A Short Story
I’ll preface by saying the idea to write short, 500-word stories every morning came from a place of terror. The world, day by day because of Coronavirus, is locking itself down like a poked Sea Anemone. It is the best thing to do right now, but it is also unprecedented. What does one do when they know nothing but to be paranoid and afraid? Naturally, fear and greed will start to trickle in. Gun sales are up, grifters are hawking its own community fake cures and the civic discourse the nation would hope for in such times remains shaky.
Wanting to confront that fear, for myself I needed to build a structure. I am not a housebuilder, a social worker, or a banker. I am not a firefighter, a grocery store clerk, or a nurse. I am, somewhat selfishly, a writer. In an effort to remain as true to the commitment of the action as possible, and I suppose remind myself of my role as an artist in these trying times, I will do what I’ve always done — write as if my life depended on it.
If anything has made meaning of my life — besides my parents and my friends — it is creating. Emerson once wrote Man’s obedience to his own genius is the ultimate definition of faith. Whatever form that takes for you, dear reader, know that you can, that you will, that you must, if for no one but yourself.
Apolo River was as wide as a few extra-large trailer trucks welded together, deep as Roy Palmer’s heart of around 300 feet, and smelled of burnt honeycomb over vanilla ice cream.
The morning was up and so were Roy and his son Barret. Roy was a stalky, gentile man, with a wide gait. He tossed their fishing gear in the back of the truck. Barret, around 14, still had sleep in his eyes. His body was droopy as he puttered out of their bungalow and struggled to get in.
Up and up boy, Roy ordered slapping the cold metal of the truck. Bites to be had.
Summer vacation meant every day Barret was ready at 4:30 to learn the ways of the river, to learn the ways of the fishing rod.
First, they pulled the worms from the earth, careful not to rip them in half.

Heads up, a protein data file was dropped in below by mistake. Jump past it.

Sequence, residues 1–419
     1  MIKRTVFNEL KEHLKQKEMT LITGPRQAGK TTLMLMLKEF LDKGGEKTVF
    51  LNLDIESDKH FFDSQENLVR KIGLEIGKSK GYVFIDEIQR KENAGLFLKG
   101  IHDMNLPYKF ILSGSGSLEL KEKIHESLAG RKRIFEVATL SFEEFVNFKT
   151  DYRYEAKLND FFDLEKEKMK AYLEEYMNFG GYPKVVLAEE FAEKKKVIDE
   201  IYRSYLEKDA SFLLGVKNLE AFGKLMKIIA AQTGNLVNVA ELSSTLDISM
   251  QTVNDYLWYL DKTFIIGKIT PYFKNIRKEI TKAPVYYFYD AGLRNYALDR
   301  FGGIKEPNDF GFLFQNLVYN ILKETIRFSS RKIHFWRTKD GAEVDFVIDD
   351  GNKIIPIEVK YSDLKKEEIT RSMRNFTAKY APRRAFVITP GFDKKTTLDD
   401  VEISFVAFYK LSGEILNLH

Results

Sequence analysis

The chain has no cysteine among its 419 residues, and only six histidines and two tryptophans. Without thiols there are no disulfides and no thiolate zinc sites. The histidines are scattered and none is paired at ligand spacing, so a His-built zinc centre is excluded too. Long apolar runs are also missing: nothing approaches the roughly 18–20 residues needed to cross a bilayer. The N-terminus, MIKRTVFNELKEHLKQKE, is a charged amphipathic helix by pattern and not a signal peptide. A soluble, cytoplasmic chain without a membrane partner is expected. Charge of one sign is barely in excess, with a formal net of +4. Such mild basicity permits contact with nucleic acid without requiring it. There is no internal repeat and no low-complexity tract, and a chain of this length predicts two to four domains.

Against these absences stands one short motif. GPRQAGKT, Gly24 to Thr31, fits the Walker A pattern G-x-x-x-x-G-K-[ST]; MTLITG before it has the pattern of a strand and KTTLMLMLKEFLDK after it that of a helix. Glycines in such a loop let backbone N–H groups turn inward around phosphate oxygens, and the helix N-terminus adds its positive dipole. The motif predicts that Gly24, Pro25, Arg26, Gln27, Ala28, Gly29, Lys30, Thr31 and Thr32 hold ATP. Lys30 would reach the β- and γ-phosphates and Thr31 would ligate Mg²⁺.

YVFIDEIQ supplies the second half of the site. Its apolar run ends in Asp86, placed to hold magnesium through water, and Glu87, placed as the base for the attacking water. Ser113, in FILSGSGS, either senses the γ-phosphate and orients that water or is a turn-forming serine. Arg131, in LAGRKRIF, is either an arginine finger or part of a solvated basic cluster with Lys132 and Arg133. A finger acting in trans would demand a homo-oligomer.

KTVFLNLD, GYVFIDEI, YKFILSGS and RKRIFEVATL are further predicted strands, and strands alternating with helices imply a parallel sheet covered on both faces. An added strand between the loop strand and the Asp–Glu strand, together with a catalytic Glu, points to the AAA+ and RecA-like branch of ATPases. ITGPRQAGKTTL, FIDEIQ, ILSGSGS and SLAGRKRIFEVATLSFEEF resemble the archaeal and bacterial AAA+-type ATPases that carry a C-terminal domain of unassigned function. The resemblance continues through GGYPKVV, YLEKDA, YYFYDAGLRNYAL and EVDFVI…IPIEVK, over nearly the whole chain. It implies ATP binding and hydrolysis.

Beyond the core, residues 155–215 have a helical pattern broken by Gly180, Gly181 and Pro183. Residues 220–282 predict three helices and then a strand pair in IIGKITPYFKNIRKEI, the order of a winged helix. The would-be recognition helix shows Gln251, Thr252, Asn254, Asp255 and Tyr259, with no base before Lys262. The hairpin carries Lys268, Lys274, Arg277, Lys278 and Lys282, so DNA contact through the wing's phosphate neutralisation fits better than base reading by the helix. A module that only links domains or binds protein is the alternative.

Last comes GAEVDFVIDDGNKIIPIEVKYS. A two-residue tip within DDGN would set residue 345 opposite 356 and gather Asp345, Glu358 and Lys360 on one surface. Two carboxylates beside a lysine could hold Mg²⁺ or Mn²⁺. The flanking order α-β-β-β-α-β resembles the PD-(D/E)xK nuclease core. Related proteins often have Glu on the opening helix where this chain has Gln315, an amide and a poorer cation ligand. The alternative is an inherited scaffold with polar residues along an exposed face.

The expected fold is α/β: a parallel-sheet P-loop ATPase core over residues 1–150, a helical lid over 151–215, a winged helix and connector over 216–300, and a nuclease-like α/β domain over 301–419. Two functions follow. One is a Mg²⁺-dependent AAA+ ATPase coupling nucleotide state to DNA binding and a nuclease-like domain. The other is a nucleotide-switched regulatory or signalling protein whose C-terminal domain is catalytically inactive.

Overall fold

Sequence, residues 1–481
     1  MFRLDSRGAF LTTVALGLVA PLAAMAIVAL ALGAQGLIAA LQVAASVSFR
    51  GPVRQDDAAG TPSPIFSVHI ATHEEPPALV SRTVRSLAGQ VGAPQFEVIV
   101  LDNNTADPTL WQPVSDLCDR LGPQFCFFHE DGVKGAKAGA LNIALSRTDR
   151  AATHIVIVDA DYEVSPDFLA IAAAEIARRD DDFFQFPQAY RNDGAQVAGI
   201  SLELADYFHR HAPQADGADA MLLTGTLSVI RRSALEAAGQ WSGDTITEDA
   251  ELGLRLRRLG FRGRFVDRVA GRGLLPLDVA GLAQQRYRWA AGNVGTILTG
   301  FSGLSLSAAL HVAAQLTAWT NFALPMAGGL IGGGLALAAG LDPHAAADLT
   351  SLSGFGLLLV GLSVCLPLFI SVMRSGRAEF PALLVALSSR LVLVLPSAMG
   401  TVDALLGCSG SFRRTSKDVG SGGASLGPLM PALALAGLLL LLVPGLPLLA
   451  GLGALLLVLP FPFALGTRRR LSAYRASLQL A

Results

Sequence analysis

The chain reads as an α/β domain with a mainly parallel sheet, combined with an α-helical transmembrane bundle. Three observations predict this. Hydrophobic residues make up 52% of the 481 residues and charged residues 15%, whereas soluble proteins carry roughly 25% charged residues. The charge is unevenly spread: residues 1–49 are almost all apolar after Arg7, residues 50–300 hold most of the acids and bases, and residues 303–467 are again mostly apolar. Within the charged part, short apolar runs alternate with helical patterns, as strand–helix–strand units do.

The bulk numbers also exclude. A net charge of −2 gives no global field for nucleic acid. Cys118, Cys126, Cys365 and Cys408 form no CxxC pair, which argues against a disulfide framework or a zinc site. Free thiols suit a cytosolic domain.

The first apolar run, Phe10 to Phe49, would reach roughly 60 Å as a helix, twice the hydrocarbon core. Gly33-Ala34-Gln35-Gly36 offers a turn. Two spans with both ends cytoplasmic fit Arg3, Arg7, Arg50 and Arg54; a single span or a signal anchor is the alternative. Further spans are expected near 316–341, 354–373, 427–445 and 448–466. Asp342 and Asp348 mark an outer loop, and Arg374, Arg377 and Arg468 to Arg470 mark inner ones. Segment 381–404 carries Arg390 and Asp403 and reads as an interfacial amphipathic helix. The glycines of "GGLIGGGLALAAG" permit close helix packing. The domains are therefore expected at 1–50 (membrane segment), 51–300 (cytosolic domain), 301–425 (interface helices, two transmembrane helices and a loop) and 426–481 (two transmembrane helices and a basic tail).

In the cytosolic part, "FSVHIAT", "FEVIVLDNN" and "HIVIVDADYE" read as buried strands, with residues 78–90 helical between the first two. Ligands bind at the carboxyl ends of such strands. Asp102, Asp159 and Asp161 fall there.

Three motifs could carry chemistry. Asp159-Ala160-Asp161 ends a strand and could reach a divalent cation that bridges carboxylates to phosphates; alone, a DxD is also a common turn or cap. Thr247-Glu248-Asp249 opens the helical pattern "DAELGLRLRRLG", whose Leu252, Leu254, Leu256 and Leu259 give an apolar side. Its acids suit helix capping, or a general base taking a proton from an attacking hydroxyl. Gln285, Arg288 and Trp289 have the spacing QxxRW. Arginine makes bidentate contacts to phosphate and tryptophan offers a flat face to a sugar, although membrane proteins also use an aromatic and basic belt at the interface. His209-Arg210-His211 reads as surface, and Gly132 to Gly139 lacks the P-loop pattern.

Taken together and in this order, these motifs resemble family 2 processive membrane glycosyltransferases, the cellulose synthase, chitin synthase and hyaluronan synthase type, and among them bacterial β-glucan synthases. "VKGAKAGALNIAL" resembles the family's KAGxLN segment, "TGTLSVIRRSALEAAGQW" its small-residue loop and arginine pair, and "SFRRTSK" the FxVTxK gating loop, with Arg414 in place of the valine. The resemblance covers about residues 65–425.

I tell fools they wriggle out because of the moonlight, Roy told Barrett. But really it’s this ground-up grass mixed with rabbit feet and sugar I sprinkle on top of the soil.
Roy pointed at their pink dancing bodies, dressed in silver and satin white.
One day you’ll have a woman dance for you like that you Bear.
As they gathered the feed, the moon collided with the dawn. The stars dissolved as the air grew crisp and wet. Everything warmed. In the far off distance, a coyote howled. Barrett hid his fear by quickly sending out a cast.
Don’t grip it so tight now, Roy coached. Fingers light. These are the good day’s son. You remember them by being taught. Only way to look around, smell everything, see what you can. Rub the cold into your skin, feel the tension of the line. Make memories. Don’t let them pass.
There was a hard tug on Barrett’s line. His young hands had never felt such resistance from nature before. Barrett stepped back, his small potato sack frame shaking. As Barrett felt the fish give a little, pride filled within him; his ego stepped in.
This fish is yours to take, a voice whispered.
Barrett yanked back hard. His hands burned as Roy’s screams rose until they dissipated into a silence that expanded into the nature that surrounded them, watching.
The line snapped. There was the splashing of water, followed by the trickling of the river.
Barrett began to cry but stopped when he felt Roy’s gaze on him.
Stupid rod! Barrett shouted. He brought it up and over his knee to break it. Roy snatched it out of his hands.
Let me use yours, Barrett demanded. Let me cast out again.
You can’t let your failures keep you in one place, Roy told Barrett. Keep moving.
As they began to walk towards the bend of the river southward, Barrett started to ask, Should have I done…
Be here now, Roy said stopping. He looked up at the peeking sun. Maybe you’ll get it out here. Maybe not. Keep moving.
Keep moving, Barrett said.